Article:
KS disaster expert: 75% donated goods will go to waste

WICHITA, Kan. (KSNW) – A Kansas disaster response coordinator is warning people to not donate goods to charities for potential Hurricane Harvey victims.

Hollie Tapley spent Friday inside her Wichita office tracking Hurricane Harvey’s every move.

“Part of our work is watching out for colleagues . . . watching what is going on with the weather, so that we know and we can kind of be ahead of the game if we need to prepare,” said Tapley who is the disaster response coordinator for Great Plains United Methodist.

“We are preparing whatever needs to be done to help, but unfortunately right now is the waiting game,” she said.

Tapley has colleagues positioned in safe zones near Corpus Christi, Houston and Baton Rouge.

“They are preparing for the worst and praying for the best, literally. They are gathering together cleaning supplies, their volunteers are all ready. ” Tapley said.

While Tapley’s colleagues prepare closer to the hurricane, Tapley is in Kansas focusing on what she and her volunteers can do for potential victims.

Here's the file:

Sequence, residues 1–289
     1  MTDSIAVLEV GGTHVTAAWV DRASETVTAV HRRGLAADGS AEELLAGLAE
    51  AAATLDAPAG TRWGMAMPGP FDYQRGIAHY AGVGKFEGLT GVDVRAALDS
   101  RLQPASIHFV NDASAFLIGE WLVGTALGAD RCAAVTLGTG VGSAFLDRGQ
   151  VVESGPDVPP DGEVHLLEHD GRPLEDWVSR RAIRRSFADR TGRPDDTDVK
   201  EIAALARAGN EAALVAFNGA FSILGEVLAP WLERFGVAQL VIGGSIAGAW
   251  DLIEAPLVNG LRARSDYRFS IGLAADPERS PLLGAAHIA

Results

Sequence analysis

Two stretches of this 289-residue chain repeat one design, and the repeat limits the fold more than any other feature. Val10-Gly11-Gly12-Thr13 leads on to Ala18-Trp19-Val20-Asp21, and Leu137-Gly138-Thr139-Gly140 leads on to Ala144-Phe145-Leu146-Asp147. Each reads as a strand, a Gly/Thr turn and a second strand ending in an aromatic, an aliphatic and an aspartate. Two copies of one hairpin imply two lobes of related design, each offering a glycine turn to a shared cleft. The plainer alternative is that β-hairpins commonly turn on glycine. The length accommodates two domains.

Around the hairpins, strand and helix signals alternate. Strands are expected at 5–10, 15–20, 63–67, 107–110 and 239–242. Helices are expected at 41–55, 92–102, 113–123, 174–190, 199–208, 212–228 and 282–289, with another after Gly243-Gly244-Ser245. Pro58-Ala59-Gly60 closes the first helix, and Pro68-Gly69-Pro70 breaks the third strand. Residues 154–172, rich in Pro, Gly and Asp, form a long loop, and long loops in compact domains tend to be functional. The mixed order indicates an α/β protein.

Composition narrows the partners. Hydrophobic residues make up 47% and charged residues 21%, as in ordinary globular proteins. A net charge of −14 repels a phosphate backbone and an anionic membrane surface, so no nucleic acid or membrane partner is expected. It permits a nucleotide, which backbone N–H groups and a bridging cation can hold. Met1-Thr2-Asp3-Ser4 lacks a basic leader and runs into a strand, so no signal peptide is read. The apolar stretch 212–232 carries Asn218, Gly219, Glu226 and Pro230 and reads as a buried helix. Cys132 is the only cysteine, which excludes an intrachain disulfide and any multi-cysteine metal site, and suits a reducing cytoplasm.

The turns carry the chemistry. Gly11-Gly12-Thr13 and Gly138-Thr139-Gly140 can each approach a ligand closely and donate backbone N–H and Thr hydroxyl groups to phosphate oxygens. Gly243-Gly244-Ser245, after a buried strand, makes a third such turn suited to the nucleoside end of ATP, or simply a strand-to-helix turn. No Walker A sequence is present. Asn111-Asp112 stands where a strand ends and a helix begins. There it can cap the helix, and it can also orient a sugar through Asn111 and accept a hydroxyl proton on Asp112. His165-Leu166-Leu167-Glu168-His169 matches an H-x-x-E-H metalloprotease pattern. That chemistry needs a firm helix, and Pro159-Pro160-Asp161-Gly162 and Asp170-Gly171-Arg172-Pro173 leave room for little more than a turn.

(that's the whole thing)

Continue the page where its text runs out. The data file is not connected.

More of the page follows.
“This is that waiting period, that time where you don’t know, so you are trying to think of every situation you can and what is, what might and what do we do,” she said.

One thing Tapley said she doesn’t want people to do is to donate supplies or goods to various charities who may be helping potential hurricane victims.

“It just causes more damage than good,” Tapley said.

Tapley said ultimately people’s good deed of giving to those in need goes wasted during times of disaster.

“Seventy-five percent of donated goods during a disaster end up in landfills because people, they just drop it,” she said.

Tapley pointed to two main reasons why the goods go to waste: there’s nowhere for the goods to go and there’s no one to take care of the items.

“We mean well, but we want to do so and we grab things thinking oh, they need this oh, they need that, when they don’t,” she said.

She said the best way to give in a time of need is through a financial donation that way the money goes toward needed supplies.

“Money is the best way because we know culturally what people need. One group needs something totally different than another group,” Tapley said.

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